The art and craftwork of the Anishinabek is reflective of the land we live on and is founded on a spirituality as enduring as the earth. Before contact, our art was directed to the decoration of useful objects. Much of it was made in connection with spiritual ceremonies which permeated every act of living. Anishinabek people had no word for art as art was a part of life, like hunting, fishing, growing food, raising a family. Thus art in the broadest sense represented objects of daily usefulness to be admired and appreciated, nurturing the needs of both soul and body thereby giving meaning to everything.
Porcupine Quill Boxes
The aesthetic sense is strong within the Anishinabek. It is not enough to make a garment. It has to be embroidered with quills or moosehair and after the arrival of Europeans, with beads. It is equally necessary to incorporate a pattern into the fashioning of a container or into the weave of a black ash basket.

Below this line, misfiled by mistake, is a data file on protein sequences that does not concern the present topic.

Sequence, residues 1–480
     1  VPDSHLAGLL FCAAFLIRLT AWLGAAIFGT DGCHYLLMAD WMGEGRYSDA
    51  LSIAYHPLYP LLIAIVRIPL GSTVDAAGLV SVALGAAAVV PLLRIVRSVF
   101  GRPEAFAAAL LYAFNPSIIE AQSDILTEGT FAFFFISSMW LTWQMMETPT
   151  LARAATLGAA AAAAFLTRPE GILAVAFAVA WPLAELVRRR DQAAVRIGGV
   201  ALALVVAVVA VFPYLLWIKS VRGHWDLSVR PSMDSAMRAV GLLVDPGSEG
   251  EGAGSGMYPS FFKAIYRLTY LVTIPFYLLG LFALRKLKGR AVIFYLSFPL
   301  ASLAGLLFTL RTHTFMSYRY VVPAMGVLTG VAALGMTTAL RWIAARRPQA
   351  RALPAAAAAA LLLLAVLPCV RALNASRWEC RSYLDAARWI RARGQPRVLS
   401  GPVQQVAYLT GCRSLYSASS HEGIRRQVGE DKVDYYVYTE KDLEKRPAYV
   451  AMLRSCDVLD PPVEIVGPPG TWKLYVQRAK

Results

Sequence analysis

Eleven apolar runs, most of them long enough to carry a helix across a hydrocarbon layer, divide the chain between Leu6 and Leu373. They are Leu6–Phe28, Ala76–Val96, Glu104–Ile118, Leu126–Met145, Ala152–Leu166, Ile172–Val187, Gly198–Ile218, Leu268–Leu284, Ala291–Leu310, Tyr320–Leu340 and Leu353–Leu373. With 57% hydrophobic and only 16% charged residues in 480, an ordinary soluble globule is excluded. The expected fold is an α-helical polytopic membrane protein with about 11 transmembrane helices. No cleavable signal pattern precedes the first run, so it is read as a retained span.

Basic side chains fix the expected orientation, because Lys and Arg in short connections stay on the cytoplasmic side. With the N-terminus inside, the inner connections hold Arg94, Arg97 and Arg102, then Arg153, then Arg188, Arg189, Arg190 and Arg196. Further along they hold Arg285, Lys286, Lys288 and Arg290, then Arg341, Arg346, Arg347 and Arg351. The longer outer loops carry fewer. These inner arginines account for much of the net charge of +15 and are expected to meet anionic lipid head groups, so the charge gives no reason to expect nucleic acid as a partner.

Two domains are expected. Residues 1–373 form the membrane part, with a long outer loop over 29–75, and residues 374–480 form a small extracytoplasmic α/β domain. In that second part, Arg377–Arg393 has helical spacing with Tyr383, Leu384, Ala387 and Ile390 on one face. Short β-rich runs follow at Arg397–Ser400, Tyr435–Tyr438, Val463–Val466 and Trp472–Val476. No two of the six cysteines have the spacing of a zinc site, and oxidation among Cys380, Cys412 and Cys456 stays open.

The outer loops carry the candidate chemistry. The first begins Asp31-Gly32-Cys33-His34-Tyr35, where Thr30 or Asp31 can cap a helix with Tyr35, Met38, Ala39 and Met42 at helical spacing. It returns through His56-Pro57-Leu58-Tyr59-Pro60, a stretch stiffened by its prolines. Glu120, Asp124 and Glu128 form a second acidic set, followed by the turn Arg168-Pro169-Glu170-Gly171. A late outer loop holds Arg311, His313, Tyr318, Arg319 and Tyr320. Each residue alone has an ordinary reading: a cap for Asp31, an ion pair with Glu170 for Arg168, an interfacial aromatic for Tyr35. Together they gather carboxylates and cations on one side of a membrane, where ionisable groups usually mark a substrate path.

Among the arts inherited by the Ojibwe, Odawa, Pottawatomi and other Woodland tribes, is the use of porcupine quills for decorative purposes. The art of quillwork is probably the most laborious of the applied arts requiring hours of patience and creativity. A strong reserve of self-discipline is necessary for this fine work.
Most of the remaining quill workers come from the communities of Wikwemikong, and M’Chigeeng on Manitoulin Island and along the North Shore of Lake Huron in communities like Spanish River.
Quillwork was highly developed as an artform before the arrival of Europeans and continues to be a fine and unique art displaying the resourcefulness, creativity and ingenuity of the Anishinabek people.